SMACSS is a way to organise your CSS. God knows I need a better way to do this, though since reading it I’ve not done much CSS. I shall try to pick it up again when I do get back there.

Rolling Rocks Downhill and The Phoenix Project are both novels about project management in an IT setting – the first more focussed on software development, the second more on Ops and DevOps. I’m not sure they’re the highest forms of literature, but they’re surprisingly good page turners, and have plenty of good ideas for making projects run smoother.

Never Check Email in the Morning was recommended on a blog I respect. The style is relentlessly positive American business which can be a bit much. But the content is generally sound, so if you’re struggling to manage to keep on top of your work, you may well get some value out of this book.


This year I read the first 3 of the Enders series – Enders Game, Speaker for the Dead, Xenocide. Fantastic sci-fi that gets beyond the initial premise into deep relationships, well formed characters and difficult quandaries. The first book has less of that, but it’s really the kicking off point for some sudden changes of gear. I won’t spoil things by talking about the plot.

The Endless War is another classic sci-fi, looking at long wars and adapting back to society afterwards. I enjoyed it but it’s not one of the greatest I’ve read. Ancillary Justice is a more recent sci-fi that has a different take on the world with a fairly amoral society producing a remnant of a warship looking for revenge. It feels pretty fresh.

The Circle by Dave Eggers is a near future distopia involving some sort of combination of Google and Facebook called The Circle. Quite disturbing, if a little heavy handed in places. “Sharing is Caring.”

I also came back (again) to Neil Gaiman, re-reading the lovely American Gods, really enjoying the prequel “Sandman Overture” – fantastic artwork and ideas – and also the beautifully illustrated “Sleeper and the Spindle”.

Nothing buddhist in 2015, which is unusual for me. We’ll see how I feel in 2016, though with a baby arriving imminently I may end up with less reading time …

Dell XPS 15

Getting Ubuntu 15.04 set up on a Dell XPS 15 (9530)


The Dell XPS 15 has a gorgeous screen, 15”, 3200x1800. This means that things can appear very small. Here are the things I did to make it usable.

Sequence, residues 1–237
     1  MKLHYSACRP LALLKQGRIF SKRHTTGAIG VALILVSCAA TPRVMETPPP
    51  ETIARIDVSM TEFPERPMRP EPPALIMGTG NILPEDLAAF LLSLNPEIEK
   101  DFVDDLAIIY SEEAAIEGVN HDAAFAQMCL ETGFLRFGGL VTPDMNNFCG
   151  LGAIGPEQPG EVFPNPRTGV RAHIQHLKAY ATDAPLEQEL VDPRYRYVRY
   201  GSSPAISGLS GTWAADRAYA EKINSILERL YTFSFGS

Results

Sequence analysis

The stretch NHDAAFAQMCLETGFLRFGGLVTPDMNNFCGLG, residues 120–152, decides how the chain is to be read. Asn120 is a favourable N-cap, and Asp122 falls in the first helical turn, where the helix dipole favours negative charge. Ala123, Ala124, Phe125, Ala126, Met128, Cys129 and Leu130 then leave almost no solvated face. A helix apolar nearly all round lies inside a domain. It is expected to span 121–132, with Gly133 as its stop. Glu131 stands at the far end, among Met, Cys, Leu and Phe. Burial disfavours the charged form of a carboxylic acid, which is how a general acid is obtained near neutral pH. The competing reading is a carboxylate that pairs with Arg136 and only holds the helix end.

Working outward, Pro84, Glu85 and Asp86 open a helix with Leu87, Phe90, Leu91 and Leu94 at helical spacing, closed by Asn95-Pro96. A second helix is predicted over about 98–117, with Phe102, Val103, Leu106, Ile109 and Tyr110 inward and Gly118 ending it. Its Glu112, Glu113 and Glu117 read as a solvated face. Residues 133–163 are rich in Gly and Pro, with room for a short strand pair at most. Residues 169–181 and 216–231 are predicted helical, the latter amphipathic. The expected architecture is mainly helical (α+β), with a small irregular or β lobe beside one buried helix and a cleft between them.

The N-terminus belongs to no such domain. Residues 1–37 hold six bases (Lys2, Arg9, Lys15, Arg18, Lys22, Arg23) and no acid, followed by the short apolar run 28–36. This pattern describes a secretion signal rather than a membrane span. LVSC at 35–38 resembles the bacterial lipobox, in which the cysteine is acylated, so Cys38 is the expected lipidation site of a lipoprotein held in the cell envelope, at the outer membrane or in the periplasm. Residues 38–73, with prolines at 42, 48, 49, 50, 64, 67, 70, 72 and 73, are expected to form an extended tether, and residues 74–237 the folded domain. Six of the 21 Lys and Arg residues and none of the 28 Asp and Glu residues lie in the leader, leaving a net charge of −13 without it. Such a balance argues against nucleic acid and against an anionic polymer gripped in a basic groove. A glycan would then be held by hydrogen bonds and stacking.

• the display settings have a scaling slider – from 1.5 to 2 should work OK.
  • firefox – you need to open about:config and change the value of layout.css.devPixelsPerPx to between 1.5 and 2.
  • chrome – todo

Then there are the parts outside of the X display – grub and the console, which I like to be usable:


Stealing from the testing goat HiDPI post:

You’ll have noticed that the GRUB boot menu is in a ridiculously small font because of all our teeny-tiny pixels. Fix it by generating a new font in 30-point:

sudo grub-mkfont -s 30 -o /boot/grub/DejaVuSansMono.pf2 /usr/share/fonts/truetype/dejavu/DejaVuSansMono.ttf

DejaVu works well because it has all the glyphs for the line art, others may not work so well.

Edit /etc/default/grub and add a line saying GRUB_FONT=/boot/grub/DejaVuSansMono.pf2, and run update-grub to commit.

TTY console

Stealing more from the testing goat HiDPI post:

One final thing that’s pretty much unusable out of the box are the TTY consoles you get from pressing, eg, CTRL+ALT+F1. To change their font, you’ll want to do a:

sudo dpkg-reconfigure console-setup

I picked the VGA font in 32x16, and it looks fine, if somewhat retro.

Touchpad Middle Button

The touchpad worked pretty well out of the box. Two finger scrolling was smooth, but …

I really like using the middle button in Linux, for pasting selected text, opening links in a new browser tab, closing browser tabs … But I couldn’t find a way to make it work. Various people mentioned that the top right corner of the touchpad/clickpad should work, but it didn’t for me. Eventually I worked out how to do it with synclient. First I had to look up all the sizes of stuff. It’s a long list, but here are the relevant results: